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Embed, encode, attend, predict: A four-step framework for understanding neural network approaches to Natural Language Understanding problems

Embed, encode, attend, predict: A four-step framework for understanding neural network approaches to Natural Language Understanding problems

While there is a wide literature on developing neural networks for natural language understanding, the networks all have the same general architecture, determined by basic facts about the nature of linguistic input. In this talk I name and explain the four components (embed, encode, attend, predict), give a brief history of approaches to each subproblem, and explain two sophisticated networks in terms of this framework -- one for text classification, and another for textual entailment. The talk assumes a general knowledge of neural networks and machine learning. The talk should be especially suitable for people who have been working on computer vision or other problems.

Just as computer vision models are designed around the fact that images are two or three-dimensional arrays of continuous values, NLP models are designed around the fact that text is a linear sequence of discrete symbols that form a hierarchical structure: letters are grouped into words, which are grouped into larger syntactic units (phrases, clauses, etc), which are grouped into larger discursive structures (utterances, paragraphs, sections, etc).

Because the input symbols are discrete (letters, words, etc), the first step is "embed": map the discrete symbols into continuous vector representations. Because the input is a sequence, the second step is "encode": update the vector representation for each symbol given the surrounding context. You can't understand a sentence by looking up each word in the dictionary --- context matters. Because the input is hierarchical, sentences mean more than the sum of their parts. This motivates step three, attend: learn a further mapping from a variable-length matrix to a fixed-width vector, which we can then use to predict some specific information about the meaning of the text.

Matthew Honnibal

April 12, 2018

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  2. Taking a computer’s-eye
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    Indonesian. You’re given: ⭐ 10,000 rated restaurant reviews a quiet room, a pencil and paper one week ☕ a lot of coffee How could you learn to predict the ratings for new reviews?
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  4. Machine Learning and the reductionist’s dilemma Machine Learning is all

    about generalization What information matters in this example, and what’s irrelevant? Most sentences are unique, so we can’t process them holistically. If we can’t reduce, we can’t understand.
  5. How to understand reviews in a language you don’t understand

    Do the words in it usually occur in positive reviews or negative reviews? Track a positivity score for each Indonesian word. When you see a new word, assume its positivity is . Count up the average positivity score for the words in the review. 0.5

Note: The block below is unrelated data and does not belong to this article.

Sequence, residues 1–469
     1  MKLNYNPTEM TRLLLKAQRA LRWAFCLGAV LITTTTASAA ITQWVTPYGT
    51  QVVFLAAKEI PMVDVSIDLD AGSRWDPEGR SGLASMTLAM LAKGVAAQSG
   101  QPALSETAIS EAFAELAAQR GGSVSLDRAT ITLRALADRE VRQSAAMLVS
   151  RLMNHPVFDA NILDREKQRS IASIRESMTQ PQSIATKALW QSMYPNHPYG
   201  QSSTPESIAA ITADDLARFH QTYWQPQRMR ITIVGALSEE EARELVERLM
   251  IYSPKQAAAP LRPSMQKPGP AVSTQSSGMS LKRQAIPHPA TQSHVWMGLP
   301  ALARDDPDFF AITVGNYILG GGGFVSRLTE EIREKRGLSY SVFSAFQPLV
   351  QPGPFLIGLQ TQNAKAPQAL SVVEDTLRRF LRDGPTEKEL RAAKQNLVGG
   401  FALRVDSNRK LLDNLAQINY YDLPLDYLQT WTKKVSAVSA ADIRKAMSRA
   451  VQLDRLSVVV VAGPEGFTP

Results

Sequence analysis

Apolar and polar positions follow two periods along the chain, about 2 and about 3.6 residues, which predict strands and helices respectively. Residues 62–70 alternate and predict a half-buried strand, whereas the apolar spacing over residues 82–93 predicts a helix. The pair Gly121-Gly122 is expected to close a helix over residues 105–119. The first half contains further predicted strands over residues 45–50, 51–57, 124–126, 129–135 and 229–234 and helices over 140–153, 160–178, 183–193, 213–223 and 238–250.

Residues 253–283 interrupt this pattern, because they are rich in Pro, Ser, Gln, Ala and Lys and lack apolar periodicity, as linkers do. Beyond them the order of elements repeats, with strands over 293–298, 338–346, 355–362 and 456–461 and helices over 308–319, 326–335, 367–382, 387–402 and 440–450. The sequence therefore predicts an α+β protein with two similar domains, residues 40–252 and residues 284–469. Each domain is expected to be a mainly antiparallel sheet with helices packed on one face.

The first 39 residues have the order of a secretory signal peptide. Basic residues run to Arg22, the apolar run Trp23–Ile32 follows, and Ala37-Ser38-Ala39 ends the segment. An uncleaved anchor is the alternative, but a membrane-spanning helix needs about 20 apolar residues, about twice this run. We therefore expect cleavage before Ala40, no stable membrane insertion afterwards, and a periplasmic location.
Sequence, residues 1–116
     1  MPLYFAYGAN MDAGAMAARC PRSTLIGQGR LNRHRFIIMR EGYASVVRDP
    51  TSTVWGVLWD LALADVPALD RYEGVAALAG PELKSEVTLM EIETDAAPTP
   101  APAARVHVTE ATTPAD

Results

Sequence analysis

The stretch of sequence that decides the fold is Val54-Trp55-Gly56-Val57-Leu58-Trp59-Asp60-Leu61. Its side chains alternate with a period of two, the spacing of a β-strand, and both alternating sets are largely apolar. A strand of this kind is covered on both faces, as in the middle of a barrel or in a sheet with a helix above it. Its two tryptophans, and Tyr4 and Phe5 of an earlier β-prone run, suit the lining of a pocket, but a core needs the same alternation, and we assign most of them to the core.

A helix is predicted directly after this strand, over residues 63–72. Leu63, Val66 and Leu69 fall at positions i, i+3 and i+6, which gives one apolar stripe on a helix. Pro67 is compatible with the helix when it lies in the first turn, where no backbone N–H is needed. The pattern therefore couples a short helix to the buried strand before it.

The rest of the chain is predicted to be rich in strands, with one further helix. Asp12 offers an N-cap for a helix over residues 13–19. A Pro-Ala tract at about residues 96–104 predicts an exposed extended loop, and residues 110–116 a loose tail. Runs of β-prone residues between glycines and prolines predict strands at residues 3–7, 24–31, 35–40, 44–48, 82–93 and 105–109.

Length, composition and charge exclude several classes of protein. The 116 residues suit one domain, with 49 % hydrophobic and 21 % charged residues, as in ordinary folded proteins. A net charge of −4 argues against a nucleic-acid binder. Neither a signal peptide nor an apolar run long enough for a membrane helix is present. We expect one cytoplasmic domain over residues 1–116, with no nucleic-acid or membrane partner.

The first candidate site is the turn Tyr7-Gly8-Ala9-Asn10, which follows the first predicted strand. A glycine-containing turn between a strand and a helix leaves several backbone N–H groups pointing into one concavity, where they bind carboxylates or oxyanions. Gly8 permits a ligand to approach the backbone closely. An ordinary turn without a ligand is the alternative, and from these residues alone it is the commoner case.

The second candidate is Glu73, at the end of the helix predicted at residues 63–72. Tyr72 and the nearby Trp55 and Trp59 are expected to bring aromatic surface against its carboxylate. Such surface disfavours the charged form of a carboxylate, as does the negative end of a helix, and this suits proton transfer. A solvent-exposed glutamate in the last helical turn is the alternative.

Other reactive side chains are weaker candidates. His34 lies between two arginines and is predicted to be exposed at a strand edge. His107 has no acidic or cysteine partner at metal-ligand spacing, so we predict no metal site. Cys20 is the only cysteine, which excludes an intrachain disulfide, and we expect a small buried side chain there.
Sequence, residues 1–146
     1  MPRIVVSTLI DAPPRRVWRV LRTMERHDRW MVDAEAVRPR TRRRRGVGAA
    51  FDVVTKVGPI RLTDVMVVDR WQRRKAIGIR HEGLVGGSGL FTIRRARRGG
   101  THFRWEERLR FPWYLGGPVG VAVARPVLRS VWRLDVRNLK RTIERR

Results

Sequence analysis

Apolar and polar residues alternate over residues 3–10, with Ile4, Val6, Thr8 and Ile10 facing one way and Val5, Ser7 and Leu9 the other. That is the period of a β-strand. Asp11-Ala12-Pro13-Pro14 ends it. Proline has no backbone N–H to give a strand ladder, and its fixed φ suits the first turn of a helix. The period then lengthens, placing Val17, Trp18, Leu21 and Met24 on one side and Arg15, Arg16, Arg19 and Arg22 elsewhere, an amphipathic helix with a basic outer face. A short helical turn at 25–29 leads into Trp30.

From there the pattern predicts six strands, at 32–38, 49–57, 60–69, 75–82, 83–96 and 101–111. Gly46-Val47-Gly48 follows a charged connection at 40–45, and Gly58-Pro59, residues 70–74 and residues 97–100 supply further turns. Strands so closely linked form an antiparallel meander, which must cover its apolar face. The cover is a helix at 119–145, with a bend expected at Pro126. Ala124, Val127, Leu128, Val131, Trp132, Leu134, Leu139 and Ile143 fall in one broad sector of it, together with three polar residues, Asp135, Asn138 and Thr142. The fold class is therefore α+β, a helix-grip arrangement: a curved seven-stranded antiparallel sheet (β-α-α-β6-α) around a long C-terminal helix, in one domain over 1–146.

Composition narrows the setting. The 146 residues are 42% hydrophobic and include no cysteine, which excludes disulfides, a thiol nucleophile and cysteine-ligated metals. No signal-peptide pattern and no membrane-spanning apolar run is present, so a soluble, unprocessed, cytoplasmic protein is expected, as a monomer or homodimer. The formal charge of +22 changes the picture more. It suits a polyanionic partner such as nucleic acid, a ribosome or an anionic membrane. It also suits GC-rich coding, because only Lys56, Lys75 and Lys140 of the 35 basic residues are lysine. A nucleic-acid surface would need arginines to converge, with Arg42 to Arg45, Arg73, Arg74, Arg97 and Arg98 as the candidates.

6. Bag-of-words Text Classification If and review is positive, 

    and review is negative
 Your theory worked! Next review. If but review is negative:
 Your positivity scores for these words were too high! Decrease those scores slightly. If but review is positive:
 Your positivity scores for these words were too low! Increase those scores slightly. total > 0.5 total < 0.5 total > 0.5 total < 0.5
  7. What are we discarding? What’s the reduction? We’re assuming: different

    words are unrelated words only have one meaning meanings can be understood in isolation How do we avoid assuming this? How do we learn what to learn?
  8. Think of data shapes, not application details. integer category label

    vector single meaning sequence of vectors multiple meanings matrix meanings in context
  9. All words look unique to the computer “dog” and “puppy”

    are just strings of letters easy to learn need to predict Problem #1 P(id | "dog") P(id | "puppy")
  10. Learn dense embeddings “You shall know a word by the

    company it keeps.” “If it barks like a dog...” word2vec, PMI, LSI, etc. Solution #1
  11. We’re discarding context Problem #2 “I don't even like seafood,

    but the scallops were something else.” “You should go somewhere else. Like, literally, anywhere else.”
  12. Learn to encode context take a list of word vectors

    encode into sentence matrix Solution #2
  13. Too much information Okay, you’ve got a sentence matrix. Now

    what? rows show meaning of individual tokens no representation of entire sentence Problem #3
  14. Learn what to pay attention to summarize sentence with respect

    to query get global problem-specific representation Solution #3
  15. We need a specific value, not a generic representation Okay,

    you’ve got a sentence vector. Now what? still working with “representations” our application is looking for a value Problem #4
  16. Learn to predict target values turn the generic architecture into

    a specific solution provide the value to your application Solution #4
  17. What if we don’t have 
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